To define a socialist technology in terms of what it must resist or what it may accomplish, however, is only a first step. The more difficult and politically challenging task is that of description. At this point we need to confront the problem of “expertise.” The hegemony of capitalist technology rests not just on its technical feats but also on a whole ideological nexus. Part of this consists in the various patterns of dependence and addiction that the technology fosters, but a big part of it also lies in the assumption that ordinary people are incapable of seriously addressing technological questions. This assumption is nothing more than a self-fulfilling prophecy of capital, rooted in the separation of conception from execution; its rejection is long overdue. I do not mean by this that technical training and expertise are unimportant; obviously they are vital to both discussion and implementation, but this does not make them sufficient to shape actual social choices. No technology that requires people to change their way of life can be implemented unless the people themselves support it. The necessary participatory mechanisms need to be built, but at the same time the consideration and investigation of technological problems has to be promoted until it permeates every level of society.
A technology may be discerned in anything from a single device to a whole network of relations, involving, among other things, machines, resources, producers, and users.31 It also encompasses particular configurations of space, such as patterns of vegetation on agricultural land or the construction layout of communities. The totality of a technology can never be neutral (in terms of its impact on social relations), but this is not necessarily the case for every particular component of the technology. Many if not most devices have a dual potential, conditional upon such questions as how numerous they are, who has access to them, and what impact their production or their use has upon the natural environment and upon human health (mental as well as physical). The automobile, for example, functions in some parts of the world as the almost exclusive vehicle for local travel. In this capacity, its virtues from the standpoint of capital and its disastrous impact from the standpoints of resource-use, health, and community are sufficiently well known.32 This does not mean, however, that the device itself is without positive potential; it means only that it must be severely circumscribed: reduced in numbers by one or two orders of magnitude, denied entry to certain zones, and placed at the disposal of a given individual or group only in accordance with certain well-defined and socially egalitarian guidelines.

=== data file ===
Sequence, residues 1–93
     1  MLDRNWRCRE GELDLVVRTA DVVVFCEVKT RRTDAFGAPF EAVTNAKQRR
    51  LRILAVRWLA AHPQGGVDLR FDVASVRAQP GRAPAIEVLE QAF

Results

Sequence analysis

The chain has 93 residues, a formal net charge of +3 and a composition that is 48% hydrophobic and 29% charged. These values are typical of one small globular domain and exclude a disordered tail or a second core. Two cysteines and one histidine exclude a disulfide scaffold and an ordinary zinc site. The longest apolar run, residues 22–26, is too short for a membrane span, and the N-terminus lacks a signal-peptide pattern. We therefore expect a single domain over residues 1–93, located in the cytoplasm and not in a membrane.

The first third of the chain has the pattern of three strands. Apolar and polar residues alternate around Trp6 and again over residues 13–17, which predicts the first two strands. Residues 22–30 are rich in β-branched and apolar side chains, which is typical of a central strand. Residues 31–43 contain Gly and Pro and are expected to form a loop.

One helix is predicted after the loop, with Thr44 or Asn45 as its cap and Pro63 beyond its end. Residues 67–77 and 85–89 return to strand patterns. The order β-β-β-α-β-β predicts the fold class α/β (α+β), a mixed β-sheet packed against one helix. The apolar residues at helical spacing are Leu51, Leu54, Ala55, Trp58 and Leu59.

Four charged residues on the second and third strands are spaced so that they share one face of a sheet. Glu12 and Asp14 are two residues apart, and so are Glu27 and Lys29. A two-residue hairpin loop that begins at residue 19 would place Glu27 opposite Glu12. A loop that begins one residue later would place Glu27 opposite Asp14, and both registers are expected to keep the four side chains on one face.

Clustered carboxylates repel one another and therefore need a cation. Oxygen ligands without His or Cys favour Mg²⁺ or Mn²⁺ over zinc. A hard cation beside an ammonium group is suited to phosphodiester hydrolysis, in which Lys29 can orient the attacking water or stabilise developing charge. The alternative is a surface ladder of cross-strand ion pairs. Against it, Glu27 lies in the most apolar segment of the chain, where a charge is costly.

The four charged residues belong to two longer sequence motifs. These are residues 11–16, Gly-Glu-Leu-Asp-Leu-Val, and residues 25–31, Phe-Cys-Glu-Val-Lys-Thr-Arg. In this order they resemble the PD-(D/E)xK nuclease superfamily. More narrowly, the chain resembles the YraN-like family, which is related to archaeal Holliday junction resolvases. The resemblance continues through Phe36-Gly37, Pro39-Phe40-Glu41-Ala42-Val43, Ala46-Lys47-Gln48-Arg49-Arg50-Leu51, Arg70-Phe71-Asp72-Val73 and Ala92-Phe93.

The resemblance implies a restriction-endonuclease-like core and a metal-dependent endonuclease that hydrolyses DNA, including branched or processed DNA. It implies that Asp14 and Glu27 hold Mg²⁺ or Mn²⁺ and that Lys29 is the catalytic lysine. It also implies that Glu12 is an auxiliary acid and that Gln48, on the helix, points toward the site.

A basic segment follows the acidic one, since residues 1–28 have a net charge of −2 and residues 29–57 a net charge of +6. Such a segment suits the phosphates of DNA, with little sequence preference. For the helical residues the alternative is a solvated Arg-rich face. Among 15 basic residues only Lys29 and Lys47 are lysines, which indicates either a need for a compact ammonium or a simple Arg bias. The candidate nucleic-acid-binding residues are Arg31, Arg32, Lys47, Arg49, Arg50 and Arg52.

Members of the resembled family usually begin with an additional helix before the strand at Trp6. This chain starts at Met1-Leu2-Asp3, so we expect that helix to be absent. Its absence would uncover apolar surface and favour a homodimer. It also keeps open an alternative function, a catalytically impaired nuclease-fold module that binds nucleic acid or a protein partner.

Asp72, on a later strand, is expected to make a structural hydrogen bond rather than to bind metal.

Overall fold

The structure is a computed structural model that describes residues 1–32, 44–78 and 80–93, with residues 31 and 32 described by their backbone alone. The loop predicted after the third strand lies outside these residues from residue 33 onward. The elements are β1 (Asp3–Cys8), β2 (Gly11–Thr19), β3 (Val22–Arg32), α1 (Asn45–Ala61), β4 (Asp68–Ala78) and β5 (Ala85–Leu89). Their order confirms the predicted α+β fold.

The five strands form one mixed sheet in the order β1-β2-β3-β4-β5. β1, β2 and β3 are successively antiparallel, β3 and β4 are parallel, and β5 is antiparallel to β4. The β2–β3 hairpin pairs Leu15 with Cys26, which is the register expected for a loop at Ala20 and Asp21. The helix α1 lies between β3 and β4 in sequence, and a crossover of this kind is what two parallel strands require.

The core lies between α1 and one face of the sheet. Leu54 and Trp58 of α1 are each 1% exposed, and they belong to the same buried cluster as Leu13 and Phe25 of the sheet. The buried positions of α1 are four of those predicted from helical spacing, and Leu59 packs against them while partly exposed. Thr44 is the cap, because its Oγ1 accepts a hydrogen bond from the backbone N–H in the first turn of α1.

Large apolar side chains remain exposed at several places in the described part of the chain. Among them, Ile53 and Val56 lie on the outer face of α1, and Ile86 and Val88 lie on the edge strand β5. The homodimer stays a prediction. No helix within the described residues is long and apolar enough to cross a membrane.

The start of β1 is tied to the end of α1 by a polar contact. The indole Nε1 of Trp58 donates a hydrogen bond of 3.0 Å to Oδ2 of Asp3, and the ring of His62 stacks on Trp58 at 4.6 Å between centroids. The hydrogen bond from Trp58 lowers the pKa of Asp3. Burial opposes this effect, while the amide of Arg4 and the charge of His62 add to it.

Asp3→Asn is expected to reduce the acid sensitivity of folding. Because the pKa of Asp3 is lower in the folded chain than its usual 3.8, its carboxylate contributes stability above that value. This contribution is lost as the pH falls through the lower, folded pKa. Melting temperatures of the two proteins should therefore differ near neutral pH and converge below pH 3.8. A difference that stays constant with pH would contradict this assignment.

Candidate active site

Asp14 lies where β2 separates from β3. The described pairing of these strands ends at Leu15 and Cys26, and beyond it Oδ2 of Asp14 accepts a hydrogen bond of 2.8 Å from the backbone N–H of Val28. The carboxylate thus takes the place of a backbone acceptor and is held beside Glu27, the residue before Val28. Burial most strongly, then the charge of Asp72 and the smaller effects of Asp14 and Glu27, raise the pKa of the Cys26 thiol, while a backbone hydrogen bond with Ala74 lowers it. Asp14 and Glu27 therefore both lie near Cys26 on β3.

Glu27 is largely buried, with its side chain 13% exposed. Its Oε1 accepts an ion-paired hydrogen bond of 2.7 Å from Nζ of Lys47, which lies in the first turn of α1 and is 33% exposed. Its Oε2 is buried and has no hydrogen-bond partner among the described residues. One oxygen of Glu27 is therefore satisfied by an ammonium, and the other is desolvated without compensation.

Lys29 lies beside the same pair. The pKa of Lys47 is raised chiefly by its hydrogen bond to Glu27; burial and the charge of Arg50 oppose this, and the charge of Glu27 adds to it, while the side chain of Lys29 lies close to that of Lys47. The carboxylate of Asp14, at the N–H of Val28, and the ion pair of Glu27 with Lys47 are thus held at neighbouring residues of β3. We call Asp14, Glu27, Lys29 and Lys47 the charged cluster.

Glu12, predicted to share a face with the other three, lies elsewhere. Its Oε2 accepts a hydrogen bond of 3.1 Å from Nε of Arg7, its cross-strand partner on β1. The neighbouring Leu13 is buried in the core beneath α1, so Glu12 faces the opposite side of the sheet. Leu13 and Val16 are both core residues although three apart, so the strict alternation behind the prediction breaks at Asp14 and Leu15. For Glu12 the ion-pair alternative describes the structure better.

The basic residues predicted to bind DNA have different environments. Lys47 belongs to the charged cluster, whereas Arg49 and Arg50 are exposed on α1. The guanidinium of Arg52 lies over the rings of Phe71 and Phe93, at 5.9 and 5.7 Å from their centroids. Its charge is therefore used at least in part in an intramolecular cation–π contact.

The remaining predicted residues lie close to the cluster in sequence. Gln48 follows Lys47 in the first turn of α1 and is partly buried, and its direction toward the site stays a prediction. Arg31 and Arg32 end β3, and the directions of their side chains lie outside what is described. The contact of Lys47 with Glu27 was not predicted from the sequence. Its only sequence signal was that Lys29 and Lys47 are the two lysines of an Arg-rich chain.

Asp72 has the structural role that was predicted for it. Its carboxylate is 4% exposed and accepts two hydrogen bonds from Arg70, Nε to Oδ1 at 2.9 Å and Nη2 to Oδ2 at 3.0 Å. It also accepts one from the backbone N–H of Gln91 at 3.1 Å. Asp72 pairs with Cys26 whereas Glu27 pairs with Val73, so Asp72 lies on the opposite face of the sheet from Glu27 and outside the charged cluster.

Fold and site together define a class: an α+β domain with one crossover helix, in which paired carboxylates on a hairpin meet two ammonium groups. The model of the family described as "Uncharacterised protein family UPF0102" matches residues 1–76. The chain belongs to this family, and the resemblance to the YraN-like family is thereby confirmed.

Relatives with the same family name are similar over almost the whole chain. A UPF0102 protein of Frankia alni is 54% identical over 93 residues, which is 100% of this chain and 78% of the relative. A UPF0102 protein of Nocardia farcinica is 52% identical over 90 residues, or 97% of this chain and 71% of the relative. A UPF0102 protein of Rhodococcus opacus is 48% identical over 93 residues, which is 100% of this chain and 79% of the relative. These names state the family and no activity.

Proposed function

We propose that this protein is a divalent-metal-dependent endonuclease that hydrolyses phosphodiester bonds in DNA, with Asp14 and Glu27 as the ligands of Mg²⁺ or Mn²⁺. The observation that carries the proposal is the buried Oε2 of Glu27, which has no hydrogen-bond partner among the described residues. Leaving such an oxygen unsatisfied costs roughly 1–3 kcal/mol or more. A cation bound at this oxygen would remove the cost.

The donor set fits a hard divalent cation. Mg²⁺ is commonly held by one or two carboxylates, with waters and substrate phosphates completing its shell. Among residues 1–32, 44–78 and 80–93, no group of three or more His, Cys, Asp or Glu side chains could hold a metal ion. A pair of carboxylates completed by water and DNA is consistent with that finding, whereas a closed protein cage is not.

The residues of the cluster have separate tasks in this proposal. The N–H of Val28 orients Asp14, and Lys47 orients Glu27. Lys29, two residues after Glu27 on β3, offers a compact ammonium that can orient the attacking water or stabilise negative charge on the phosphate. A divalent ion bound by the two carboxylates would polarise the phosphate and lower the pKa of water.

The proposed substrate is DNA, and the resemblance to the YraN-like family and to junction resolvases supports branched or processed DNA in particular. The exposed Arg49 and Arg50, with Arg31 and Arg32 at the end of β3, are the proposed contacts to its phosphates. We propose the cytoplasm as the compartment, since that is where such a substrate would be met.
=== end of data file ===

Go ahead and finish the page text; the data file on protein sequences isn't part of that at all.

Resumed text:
The alternative technologies to that of the automobile already exist at the level of devices but not yet at the contextual level. There are bicycles, for instance, but not enough people use them routinely because the distances are too great or the routes are unsafe. There are train and bus services, but not of sufficient scope or quality to accommodate needs that go beyond those satisfied by bicycles. Relative prices to the user also come into play, as do cultural preferences (e.g., the whole complex of impulses associated with being “in the driver’s seat”). All such conditioning factors, however habitual or unconscious they might have become, reflect deliberate policy made at some level, whether by private or public entities (or by some combination of the two). It is important to stress that the overall technology is very much affected by decisions or assumptions which, on the face of it, are not at all “technological,” for example, the very idea that one’s day-to-day physical mobility should depend on one’s clearing a threshold of age, dexterity, or money, or the very idea of traffic flow as a process that routinely requires the intervention of the criminal justice system.
To call attention to such contextual conditions is not to downplay the more narrowly technological issues; it is only to indicate that they cannot be usefully debated except with the larger setting in mind. In the present case, such issues clearly come into play in connection with the quality of the trains and buses. For example, how fast, how dependably, and how cleanly can they run? How can they be separated from human traffic? How can their space-needs be minimized so as to restore as much surface-area as possible to trees and plants?